Dysthymia (chronic depression)

There is a type of depression called Dysthymia which is less severe than Major Depression but is more chronic. The symptoms associated with this disorder are milder, but persist for a long period of time. To be diagnosed with Dysthymia a person must experience depressed mood more often than not for a two year period and have at least two of the additional symptoms listed below:

Criteria for Dysthymia

- Depressed mood most of the time for 2 years

At least two additional symptoms:

- eating too much or too little

- sleeping too much or too little or difficulty sleeping

- having little energy or feeling run down

- low self-esteem

- difficulty concentrating or making decisions

- feelings of hopelessness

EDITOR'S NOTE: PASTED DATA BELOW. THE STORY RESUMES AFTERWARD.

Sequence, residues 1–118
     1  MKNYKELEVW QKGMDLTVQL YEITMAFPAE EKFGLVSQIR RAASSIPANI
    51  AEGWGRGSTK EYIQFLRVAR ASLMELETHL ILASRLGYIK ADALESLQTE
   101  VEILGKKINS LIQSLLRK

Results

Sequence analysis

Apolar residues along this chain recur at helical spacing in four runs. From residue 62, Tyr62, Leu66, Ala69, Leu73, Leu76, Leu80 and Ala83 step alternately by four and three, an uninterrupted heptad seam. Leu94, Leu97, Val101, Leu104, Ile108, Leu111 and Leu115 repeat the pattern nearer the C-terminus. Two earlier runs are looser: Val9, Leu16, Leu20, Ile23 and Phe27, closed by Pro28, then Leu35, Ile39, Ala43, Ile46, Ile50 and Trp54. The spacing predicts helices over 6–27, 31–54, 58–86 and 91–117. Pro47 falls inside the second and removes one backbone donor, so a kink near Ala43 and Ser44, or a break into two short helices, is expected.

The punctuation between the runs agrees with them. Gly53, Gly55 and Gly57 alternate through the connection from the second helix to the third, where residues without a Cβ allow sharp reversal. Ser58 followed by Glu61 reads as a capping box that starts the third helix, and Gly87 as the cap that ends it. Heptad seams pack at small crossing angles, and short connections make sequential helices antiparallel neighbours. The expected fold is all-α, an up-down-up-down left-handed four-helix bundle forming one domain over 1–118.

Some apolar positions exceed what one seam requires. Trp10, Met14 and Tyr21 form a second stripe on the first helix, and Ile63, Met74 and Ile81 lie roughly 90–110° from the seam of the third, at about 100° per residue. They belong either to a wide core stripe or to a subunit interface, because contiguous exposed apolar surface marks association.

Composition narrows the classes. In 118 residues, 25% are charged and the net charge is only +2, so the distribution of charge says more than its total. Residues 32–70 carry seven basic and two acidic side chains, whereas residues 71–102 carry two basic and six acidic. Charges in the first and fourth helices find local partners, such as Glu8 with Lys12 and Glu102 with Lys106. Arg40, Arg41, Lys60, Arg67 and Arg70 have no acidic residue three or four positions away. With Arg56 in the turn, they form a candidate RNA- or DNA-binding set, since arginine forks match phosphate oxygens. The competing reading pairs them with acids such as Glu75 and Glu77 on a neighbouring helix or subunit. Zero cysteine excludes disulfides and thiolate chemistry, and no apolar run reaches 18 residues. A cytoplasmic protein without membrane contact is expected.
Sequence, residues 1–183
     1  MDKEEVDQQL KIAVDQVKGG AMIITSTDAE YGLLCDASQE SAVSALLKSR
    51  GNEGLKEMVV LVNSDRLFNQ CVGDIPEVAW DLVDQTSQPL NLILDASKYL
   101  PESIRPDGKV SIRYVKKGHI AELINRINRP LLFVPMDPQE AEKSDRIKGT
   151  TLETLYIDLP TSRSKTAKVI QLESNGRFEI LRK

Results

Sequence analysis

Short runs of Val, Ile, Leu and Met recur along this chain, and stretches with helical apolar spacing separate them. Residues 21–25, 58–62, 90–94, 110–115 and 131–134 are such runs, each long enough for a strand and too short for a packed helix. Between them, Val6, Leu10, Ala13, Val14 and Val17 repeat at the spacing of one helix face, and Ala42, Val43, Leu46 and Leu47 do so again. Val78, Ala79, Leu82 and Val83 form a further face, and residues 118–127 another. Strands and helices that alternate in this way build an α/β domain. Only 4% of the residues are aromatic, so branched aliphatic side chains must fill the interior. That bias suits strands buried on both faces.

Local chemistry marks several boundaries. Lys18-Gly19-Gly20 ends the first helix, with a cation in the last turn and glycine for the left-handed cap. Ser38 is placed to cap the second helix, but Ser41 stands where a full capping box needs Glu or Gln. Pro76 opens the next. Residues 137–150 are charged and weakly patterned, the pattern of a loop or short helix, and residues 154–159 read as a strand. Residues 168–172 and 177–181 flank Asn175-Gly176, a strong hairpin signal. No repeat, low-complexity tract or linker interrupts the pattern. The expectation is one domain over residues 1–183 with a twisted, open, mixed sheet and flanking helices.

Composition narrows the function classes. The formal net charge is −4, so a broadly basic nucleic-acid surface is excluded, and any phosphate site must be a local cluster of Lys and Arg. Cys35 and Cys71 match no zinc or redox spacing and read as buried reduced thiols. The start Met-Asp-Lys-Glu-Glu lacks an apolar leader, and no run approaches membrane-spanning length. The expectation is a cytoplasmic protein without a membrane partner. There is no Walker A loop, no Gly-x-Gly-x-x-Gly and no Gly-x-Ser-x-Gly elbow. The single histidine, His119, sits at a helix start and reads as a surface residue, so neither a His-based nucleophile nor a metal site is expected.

Symptoms do not meet criteria for Major Depression and are not due to a general medical condition or to a substance abuse disorder

Additional Facts about Dysthymia:

- Most common symptoms are feelings of inadequancy, guilt, generalized loss of interest or pleasure in life, irritability or excessive anger, and decreased productivity

- Women are 2 to 3 times more likely to develop this disorder than men

- At any given time, approximately 3% of individuals suffer from this disorder

- It usually occurs relatively early in life, in childhood, adolescence or early adulthood

- At least three-quarters of people with dysthymia have some other psychiatric or medical disorder as well